The Murderers Creek mustangs coexists with elk, antelope, mule deer, bighorn sheep, cougars and bears. They have been spotted at salt licks with deer, and one mare has been frequently observed running with a herd of Rocky Mountain elk.

Murderers Creek "timber horse” poised for flight. (Photo: USFS)

Murderers Creek “timber horse” poised for flight. (Photo: USFS)

They are small animals, about fourteen hands (or a little more than four feet tall at the shoulder), and usually bay or brown in color. The 250 horses in the herd tend to remain in an unusual area at elevations of 4,500 to 6,500 feet the year around, despite winter snows of up to 4 feet deep, using timber thickets for shelter during storms; a beautiful and remote area of tall Douglas firs and ponderosa pines, broken only periodically by meadows of bunchgrass.

They range across lands managed by the Bureau of Land Management (BLM) and U.S. Forest Service (USFS), who are charged with allocating the rangeland to elk, deer, domestic cattle and other species, in addition to the mustangs.

The Murderers Creek herd. (Photo: BLM)

The Murderers Creek herd. (Photo: BLM)

Claiming that the increasing size of the herd is threatening wildlife habitat and salmon-steelhead streams, the BLM has proposed reducing the herd to just 50 horses, using a combination of helicopter “gathers” and bait trapping, and offering the “excess animals” to the general public for adoption.

After requesting comments on a Preliminary Environmental Assessment of its plan, the BLM received more than 6,000 emails and letters objecting.

Advocates of protecting and preserving wild horses and burros, say the murderer’s creek herd is a prime example of how federal managers across the west are accommodating cattle ranchers who view wild horses as stealing valuable forage from their livestock and threatening their livelihood, drastically reducing the number of horses while authorizing over 5 times that number of cattle to graze the same area. Nationally, private livestock exceed wild horses on BLM lands by at least 50-1.

Horse advocates say the solution to curbing the fertility problem is using a drug called PZP to humanely manage reproduction while accommodating present wild horse population numbers by reducing livestock grazing in the complex.

The issue of roundups and long-term holding of wild horses is a huge and growing problem throughout the west, with no resolution in sight. The BLM manages 37,300 free-roaming wild horses and burros on 27 million acres in 10 Western states. As a result of a policy of rounding up the animals, there are now nearly 50,000 wild horses and burros living in 18 long-term corrals and holding pastures which are at or near capacity.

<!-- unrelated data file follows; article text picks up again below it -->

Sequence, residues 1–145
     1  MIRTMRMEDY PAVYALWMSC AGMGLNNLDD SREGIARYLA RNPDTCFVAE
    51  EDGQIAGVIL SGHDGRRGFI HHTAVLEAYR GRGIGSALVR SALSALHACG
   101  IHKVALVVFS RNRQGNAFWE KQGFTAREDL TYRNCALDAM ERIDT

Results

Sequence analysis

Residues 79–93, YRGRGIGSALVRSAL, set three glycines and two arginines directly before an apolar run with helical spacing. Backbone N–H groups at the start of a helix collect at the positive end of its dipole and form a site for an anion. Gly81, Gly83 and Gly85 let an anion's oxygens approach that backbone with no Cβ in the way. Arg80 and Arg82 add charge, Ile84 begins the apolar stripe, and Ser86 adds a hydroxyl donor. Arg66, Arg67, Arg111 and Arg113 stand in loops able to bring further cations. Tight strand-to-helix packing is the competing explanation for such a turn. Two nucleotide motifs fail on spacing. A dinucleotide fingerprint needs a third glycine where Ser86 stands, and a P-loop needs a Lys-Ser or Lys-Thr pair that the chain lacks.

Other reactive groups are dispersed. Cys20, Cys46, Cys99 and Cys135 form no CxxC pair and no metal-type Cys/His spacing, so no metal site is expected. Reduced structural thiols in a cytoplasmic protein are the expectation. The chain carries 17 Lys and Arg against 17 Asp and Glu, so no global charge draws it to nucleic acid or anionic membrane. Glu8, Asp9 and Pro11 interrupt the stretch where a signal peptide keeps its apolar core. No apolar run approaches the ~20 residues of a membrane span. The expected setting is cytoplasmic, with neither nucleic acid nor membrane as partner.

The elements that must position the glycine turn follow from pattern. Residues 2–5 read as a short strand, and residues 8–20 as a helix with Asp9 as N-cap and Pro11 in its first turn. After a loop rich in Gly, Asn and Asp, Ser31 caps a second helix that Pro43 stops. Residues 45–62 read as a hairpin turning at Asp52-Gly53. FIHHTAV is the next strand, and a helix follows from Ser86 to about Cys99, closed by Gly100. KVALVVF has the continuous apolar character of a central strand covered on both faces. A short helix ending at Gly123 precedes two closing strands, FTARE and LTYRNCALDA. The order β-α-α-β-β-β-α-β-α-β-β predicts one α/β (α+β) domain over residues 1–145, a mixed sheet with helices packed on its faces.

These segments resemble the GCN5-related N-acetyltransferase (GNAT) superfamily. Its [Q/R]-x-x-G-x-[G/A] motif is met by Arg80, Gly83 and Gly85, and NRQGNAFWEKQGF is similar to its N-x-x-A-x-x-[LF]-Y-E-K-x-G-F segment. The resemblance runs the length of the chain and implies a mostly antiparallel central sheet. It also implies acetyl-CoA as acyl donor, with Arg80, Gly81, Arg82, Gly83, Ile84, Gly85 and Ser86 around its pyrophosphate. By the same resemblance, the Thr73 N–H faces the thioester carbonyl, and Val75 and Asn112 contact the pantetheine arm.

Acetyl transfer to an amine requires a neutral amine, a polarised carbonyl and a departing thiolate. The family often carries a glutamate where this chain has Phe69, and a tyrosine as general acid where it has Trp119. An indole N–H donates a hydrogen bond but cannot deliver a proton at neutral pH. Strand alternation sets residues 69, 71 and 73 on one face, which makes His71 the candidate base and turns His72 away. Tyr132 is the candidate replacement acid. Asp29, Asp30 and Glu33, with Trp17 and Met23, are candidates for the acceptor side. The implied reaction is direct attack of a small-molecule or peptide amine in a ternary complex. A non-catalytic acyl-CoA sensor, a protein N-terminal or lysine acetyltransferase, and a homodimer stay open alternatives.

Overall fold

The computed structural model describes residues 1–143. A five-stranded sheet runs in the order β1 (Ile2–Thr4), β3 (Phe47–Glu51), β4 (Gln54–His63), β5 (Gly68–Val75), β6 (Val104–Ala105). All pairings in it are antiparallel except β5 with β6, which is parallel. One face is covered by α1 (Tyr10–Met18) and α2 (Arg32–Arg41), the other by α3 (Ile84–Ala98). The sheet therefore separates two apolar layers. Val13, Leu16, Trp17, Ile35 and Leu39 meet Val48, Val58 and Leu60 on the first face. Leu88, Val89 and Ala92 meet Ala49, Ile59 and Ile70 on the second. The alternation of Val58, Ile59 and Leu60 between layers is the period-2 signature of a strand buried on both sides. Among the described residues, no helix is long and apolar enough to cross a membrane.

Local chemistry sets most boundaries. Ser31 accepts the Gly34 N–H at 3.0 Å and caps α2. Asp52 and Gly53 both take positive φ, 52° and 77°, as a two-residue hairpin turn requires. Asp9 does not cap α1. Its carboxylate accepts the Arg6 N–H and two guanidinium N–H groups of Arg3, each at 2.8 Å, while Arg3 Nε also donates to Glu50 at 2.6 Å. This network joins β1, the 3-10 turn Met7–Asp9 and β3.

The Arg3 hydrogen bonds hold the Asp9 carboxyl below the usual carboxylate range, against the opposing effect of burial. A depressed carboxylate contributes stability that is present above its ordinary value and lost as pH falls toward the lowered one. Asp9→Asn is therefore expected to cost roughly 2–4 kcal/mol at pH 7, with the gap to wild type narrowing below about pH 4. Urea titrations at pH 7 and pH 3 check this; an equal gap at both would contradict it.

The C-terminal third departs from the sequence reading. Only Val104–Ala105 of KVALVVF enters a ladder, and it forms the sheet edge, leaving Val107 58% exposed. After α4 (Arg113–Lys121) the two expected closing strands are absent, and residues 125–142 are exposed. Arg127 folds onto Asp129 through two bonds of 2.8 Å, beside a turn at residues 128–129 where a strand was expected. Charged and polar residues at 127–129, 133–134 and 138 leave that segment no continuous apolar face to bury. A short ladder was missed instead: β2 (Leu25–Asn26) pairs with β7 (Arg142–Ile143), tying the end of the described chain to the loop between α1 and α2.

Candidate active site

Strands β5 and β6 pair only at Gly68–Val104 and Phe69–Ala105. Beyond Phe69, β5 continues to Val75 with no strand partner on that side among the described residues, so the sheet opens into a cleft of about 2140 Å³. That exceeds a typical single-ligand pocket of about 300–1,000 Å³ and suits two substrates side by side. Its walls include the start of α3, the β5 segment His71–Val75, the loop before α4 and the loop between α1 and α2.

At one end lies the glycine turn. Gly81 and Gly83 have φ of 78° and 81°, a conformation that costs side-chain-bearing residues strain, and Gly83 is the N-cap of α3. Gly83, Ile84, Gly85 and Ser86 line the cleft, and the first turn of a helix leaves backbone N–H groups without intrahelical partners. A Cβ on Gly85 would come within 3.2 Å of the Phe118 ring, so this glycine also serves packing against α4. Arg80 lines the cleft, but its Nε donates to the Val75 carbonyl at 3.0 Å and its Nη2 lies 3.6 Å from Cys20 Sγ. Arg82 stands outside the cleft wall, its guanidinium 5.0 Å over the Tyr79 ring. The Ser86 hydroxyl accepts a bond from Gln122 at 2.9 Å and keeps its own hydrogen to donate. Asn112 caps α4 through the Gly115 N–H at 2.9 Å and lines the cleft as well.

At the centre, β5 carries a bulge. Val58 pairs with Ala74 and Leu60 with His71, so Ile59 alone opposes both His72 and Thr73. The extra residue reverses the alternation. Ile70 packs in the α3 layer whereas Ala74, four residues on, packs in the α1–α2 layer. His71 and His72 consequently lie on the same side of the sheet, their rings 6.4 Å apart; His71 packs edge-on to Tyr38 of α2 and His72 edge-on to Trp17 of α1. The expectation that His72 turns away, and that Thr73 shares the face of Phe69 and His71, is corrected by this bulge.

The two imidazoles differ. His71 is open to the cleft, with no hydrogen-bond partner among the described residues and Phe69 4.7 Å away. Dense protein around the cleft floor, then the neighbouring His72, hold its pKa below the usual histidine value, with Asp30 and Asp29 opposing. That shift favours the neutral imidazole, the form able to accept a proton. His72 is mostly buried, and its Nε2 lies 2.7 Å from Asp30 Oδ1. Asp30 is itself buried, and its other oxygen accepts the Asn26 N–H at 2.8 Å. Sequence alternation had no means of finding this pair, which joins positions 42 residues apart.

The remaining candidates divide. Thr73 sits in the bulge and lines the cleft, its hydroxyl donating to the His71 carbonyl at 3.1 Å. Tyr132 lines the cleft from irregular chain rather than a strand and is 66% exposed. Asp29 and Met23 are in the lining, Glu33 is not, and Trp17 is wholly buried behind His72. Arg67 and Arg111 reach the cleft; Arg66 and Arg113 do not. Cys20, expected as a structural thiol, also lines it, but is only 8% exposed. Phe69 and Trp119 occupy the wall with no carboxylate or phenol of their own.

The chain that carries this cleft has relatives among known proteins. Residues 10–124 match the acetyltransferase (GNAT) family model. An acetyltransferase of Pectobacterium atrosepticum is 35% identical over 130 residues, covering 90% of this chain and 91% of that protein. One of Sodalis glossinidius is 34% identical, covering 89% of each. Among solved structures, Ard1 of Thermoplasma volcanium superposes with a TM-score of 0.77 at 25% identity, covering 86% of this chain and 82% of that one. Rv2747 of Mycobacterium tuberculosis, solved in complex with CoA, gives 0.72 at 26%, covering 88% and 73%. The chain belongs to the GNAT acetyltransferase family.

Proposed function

In the face of high hay prices and falling demand for horse adoption due to the sluggish economy, it’s estimated that holding wild horses long-term is costing taxpayers roughly $475 per animal annually.

Wild horses in the Malheur National Forest. (Photo: Jeffrey Shinn, USFS)

Wild horses in the Malheur National Forest. (Photo: Jeffrey Shinn, USFS)

BLM Corral Facility in Hines, Oregon. (Photo: BLM)

BLM Corral Facility in Hines, Oregon. (Photo: BLM)

Congress effectively banned horse slaughter in 2006 when it eliminated funding for horse meat inspectors. Without inspections, slaughtering plants closed. The closures coincided with the economic downturn, leading to a dramatic rise in the number of unwanted and neglected horses, leaving rescue and rehabilitation facilities, including the BLM facilities, with limited capacity and funding. The result was an increase of 660 percent in the number of U.S.-origin horses transported to slaughter plants in Canada and Mexico.

Kill Buyers

The large number of animals in federal detention has also led to an increase in the number of “kill buyers,” who “adopt” wild horses for shipment to Canadian and Mexican slaughterhouses. A recent investigation by ProPublica revealed that since 2009 the BLM has sold nearly 2,000 wild horses to a known kill buyer in Colorado. Like all buyers, he signs contracts promising the animals will not be slaughtered. He insists he finds them good homes but refuses to provide records of the sales.

USDA vets have seen horses bearing the BLM brand in slaughter export pens, but there is no law prohibiting the transportation of horses from the U.S. into Mexico, and the agency has no authority to intervene once a horse has been sold.

Horse trucks at Eagle Pass Export Pens, US/Mexican border.

Horse trucks at Eagle Pass Export Pens, US/Mexican border.

Horsemeat

Investigators monitoring export pens in the Texas border towns of Presidio and Eagle Pass owned by known kill buyers watch hundreds of horses each day arriving and departing with no regard given to those that are sick and injured on their way to Mexican slaughterhouses.

Critics say the BLM’s plan to impound hundreds more mustangs when its holding pens are already full demonstrates its lack of commitment to managing wild horses sustainably. As the number of wild horses captured and warehoused continues to grow it puts the mustangs in imminent danger of slaughter for the horsemeat industry. Equine advocates suspect that that may, in fact, be the BLM’s end game.

The saga continues as Congress last year lifted its ban on funding to the FDA for horsemeat inspections. Proposals for slaughterhouses have been made in several states.

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